Election Day is stressful. No matter which side you fall on, Democrat, Republican or that guy who wants to legalize pot, this 2012 Election has been one for the books. It’s a race that will come down to the wire as the nation shows how split it is ideologically. And for anyone with emotional investment in either candidate, there will be some grey hairs gained before it’s all said and done. As a born-and-raised Ohioan, my thoughts are with the pummeled masses in my home state. Friends and family who have all had their lives shaken up with an onslaught of campaign ads and robocalls. As someone who lived through two elections as an adult living in Ohio, I can vouch that it’s torture. So this list is for you, my dearest friends and relatives in Ohio. A list of 7 movies you can watch today that are political and enjoyable. Because it’s Election Day and we should celebrate our democracy by doing our civic duty. But we also should be able to relax and have a little bit of fun. So download one (or more) of these to your iPad to watch while you’re waiting in line for hours just to get to the polls.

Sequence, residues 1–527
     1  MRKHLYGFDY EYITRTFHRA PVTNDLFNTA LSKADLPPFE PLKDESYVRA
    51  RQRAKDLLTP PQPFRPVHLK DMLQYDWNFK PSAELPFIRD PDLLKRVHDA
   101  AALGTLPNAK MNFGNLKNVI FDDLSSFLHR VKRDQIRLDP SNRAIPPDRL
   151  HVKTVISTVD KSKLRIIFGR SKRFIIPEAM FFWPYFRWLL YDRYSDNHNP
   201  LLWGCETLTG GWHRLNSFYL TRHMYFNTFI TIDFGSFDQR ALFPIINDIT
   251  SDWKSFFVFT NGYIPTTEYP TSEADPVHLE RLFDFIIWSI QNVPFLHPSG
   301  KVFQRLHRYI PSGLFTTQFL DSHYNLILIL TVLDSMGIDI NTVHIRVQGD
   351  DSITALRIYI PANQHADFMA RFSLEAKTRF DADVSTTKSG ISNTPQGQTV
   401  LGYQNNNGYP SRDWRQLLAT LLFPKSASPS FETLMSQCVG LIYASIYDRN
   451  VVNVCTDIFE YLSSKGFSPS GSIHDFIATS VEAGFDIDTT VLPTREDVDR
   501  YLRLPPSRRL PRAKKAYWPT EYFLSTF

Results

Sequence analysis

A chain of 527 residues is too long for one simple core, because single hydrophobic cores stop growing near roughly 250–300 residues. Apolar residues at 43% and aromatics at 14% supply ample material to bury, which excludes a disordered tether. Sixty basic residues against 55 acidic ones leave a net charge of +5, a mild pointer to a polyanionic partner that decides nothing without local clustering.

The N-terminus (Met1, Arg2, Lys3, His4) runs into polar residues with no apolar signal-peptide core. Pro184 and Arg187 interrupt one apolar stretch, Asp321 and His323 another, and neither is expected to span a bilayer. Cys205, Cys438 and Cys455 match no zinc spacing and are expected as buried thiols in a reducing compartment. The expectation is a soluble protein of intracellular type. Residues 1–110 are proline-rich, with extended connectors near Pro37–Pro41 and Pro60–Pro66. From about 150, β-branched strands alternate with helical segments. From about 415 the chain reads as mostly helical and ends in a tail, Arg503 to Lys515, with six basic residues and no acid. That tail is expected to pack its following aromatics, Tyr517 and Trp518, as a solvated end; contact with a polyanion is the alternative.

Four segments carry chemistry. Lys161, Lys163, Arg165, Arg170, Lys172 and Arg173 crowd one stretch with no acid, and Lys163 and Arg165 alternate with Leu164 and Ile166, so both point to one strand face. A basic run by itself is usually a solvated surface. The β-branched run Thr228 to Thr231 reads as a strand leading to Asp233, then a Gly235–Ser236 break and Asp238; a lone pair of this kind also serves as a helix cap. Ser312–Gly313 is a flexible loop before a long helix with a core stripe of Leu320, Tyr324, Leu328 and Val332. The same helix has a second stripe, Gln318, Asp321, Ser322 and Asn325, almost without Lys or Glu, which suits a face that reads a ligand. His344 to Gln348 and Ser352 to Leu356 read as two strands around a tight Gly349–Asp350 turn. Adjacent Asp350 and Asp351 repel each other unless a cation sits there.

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Being funny is never easy, especially when you’re being funny about unfunny things. As far as dark humor goes, death is actually a rather simple topic to cover. However once you start getting into the meaning of death, or mass genocide, or the afterlife, that’s when things start getting a little tricky. Sometimes you have to stop worrying about offending the people who won’t get it and start worrying about entertaining the people who will. So here are some movies that, no matter what your feelings on them are, managed to successfully make a mockery out of something quite serious.